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3 lessons from Hunter Biden's tax pleas


We got word today that a person connected to the White House and who didn't pay all his due taxes is pleading guilty to tax evasion.

No. It's not that person.

It's Hunter Biden, son of President Joe Biden.

The younger Biden has agreed to plead guilty to two charges of misdemeanor tax evasion and enter a pretrial diversion agreement on a firearm possession charge, according to a Justice Department court filing today in Delaware.

The two tax charges carry a maximum of one year in prison as well as a $25,000 fine. The arrangement reportedly also includes repayment of Biden's payment of back taxes. A date for the formal plea has not been set.

The guilty plea agreement effectively wraps up a five-year criminal investigation into Hunter Biden. Too bad it won't end the political posturing.

But we can glean some tax lessons from the Biden situation and its resolution.

Lesson number one is obvious. Pay your taxes.

The federal investigation alleged that Hunter Biden didn't pay more than $100,000 in federal income tax for both 2017 and 2018 tax years. Those Internal Revenue Service bills came from the more than $1.5 million the 53-year-old Biden earned in each of those two years while living in the District of Columbia.

It doesn't matter how much or how little you owe. Pay. Your. Tax. Bill. On time.

If you can't pay what you owe the U.S. Treasury in full, look into a payment plan. The IRS offers several installment payment options. Some you can apply for online

If you don't and the IRS finds out, you'll need to heed the next lesson.

Lesson number two is hire a reputable attorney who can guide you through the tax and legal mazes.

My post Picking the perfect tax pro for your filing (and more) needs has more on, as its title says, finding the appropriate help. But for today's purposes, I'm reposting below the professional tax help section that looks at tax advisers whose credentials give them unlimited representation rights before the IRS. They are —

  • Enrolled Agents (EAs). These tax professionals are licensed by the IRS, which involves a suitability check and successfully completing a three-part Special Enrollment Examination. This comprehensive exam requires the EA candidate to demonstrate proficiency in federal tax planning, individual and business tax return preparation, and representation. An EA must complete 72 hours of continuing education every three years.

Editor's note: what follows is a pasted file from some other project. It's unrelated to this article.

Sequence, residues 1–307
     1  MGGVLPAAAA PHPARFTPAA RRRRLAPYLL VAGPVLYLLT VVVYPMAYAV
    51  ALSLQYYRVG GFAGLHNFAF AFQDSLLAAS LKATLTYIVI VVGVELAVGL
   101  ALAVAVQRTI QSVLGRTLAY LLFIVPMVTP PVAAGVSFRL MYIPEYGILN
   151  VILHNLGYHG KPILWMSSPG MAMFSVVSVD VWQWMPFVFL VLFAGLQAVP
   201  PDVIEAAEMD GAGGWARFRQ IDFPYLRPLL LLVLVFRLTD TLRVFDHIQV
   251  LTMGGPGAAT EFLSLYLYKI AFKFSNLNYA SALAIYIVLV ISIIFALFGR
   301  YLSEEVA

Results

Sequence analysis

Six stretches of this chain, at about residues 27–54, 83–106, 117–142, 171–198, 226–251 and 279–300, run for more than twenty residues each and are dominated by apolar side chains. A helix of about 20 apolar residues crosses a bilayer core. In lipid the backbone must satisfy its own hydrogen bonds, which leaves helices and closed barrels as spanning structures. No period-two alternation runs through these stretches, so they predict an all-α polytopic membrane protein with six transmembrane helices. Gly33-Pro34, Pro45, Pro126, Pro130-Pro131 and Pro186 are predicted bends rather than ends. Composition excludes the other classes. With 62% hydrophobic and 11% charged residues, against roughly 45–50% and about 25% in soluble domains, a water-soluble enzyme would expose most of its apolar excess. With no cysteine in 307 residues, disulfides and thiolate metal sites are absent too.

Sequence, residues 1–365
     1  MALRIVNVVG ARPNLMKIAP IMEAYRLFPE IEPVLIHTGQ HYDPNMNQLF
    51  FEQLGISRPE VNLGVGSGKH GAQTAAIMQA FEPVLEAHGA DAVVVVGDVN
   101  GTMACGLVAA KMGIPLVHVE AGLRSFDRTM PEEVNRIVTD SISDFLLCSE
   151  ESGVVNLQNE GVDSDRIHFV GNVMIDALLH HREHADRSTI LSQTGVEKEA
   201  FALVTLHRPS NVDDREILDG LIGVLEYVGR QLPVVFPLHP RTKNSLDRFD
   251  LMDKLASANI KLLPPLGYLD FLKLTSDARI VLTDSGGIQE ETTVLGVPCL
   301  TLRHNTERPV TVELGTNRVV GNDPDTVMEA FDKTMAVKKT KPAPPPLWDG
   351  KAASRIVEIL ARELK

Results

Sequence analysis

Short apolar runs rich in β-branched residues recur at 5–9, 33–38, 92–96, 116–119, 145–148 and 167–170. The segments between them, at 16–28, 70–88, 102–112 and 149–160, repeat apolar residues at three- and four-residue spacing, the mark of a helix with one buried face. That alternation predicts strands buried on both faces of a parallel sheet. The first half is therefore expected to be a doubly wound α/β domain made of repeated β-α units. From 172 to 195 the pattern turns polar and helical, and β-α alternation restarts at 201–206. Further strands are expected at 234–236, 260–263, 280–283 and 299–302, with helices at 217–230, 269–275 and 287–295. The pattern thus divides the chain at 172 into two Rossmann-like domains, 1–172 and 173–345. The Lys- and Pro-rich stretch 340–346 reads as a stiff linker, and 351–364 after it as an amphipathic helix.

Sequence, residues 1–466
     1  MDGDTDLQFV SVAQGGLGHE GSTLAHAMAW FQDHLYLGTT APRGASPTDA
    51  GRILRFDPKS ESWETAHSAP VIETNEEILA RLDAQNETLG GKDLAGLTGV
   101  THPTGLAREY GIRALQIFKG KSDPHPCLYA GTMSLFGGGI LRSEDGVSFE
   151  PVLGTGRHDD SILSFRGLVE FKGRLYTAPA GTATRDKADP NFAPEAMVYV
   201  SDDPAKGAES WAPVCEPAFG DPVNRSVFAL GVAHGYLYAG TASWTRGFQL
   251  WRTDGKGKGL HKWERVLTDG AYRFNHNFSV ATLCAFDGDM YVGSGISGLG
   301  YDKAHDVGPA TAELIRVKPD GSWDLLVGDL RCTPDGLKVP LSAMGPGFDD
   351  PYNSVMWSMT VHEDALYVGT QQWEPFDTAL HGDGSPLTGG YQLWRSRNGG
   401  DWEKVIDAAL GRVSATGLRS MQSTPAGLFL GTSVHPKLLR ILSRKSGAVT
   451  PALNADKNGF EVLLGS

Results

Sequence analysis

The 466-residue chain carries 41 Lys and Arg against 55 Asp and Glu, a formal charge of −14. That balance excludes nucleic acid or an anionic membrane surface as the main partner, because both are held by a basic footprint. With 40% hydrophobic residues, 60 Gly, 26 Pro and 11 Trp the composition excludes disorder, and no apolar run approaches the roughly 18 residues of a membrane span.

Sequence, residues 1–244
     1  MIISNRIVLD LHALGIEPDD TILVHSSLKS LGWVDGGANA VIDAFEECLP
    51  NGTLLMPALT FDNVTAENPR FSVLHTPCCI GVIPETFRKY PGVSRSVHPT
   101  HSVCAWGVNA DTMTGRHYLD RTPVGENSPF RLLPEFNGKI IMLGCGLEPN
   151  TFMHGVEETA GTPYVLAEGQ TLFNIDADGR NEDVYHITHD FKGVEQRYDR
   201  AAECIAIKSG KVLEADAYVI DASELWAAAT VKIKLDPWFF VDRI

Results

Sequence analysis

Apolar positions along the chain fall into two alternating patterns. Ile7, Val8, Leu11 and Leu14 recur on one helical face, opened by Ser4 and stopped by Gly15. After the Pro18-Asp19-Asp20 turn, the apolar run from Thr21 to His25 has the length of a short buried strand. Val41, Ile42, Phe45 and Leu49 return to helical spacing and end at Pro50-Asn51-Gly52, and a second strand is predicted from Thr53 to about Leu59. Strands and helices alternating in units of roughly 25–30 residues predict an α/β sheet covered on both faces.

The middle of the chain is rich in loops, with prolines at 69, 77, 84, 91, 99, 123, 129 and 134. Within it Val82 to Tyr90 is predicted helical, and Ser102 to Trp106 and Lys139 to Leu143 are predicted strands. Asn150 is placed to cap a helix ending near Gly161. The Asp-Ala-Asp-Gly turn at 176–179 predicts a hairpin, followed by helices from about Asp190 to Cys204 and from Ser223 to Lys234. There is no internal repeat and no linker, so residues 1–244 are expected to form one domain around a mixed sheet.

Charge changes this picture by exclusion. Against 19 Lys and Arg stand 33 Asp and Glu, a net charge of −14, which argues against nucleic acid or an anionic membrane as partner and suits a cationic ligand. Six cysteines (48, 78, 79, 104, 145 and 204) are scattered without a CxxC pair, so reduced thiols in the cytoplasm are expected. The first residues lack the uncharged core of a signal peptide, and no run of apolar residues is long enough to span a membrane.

• Certified Public Accountants (CPAs). These credentialed accountants are licensed by state boards of accountancy, the District of Columbia, and U.S. territories. To earn this designation, they must pass the Uniform CPA Examination. CPAs also have completed a study in accounting at a college or university, as well as met experience and good character requirements established by their respective boards of accountancy. In addition, CPAs must comply with ethical requirements and complete specified levels of continuing education in order to maintain an active CPA license. CPAs may offer a range of services. Look for a CPA who specializes in tax preparation and planning.
  • Attorneys. Lawyers are licensed by state courts, the District of Columbia, or their designees, such as the state bar. Generally, attorneys have earned a degree in law and passed a bar exam. Attorneys generally have on-going continuing education and professional character standards. These legal advisers also may offer a range of services, so look for an attorney who specializes in tax preparation and planning.

Yes, these tax pros cost more. But you want someone experienced and able to deal with a tax audit and, if worse comes to worst, any possible subsequent criminal tax proceedings.

Lesson number three is to take preventative tax action. If you find yourself totally befuddled by your tax situation, don't make it worse by doing your taxes yourself, poorly, and compounding your problems.

Hire a tax adviser (see lesson two above) to help you sort out your tax issues and get right with the IRS. If you wait and let the IRS discover your filing (or non-filing) and payment (or non-payment) problems, your tax circumstances most definitely get worse.

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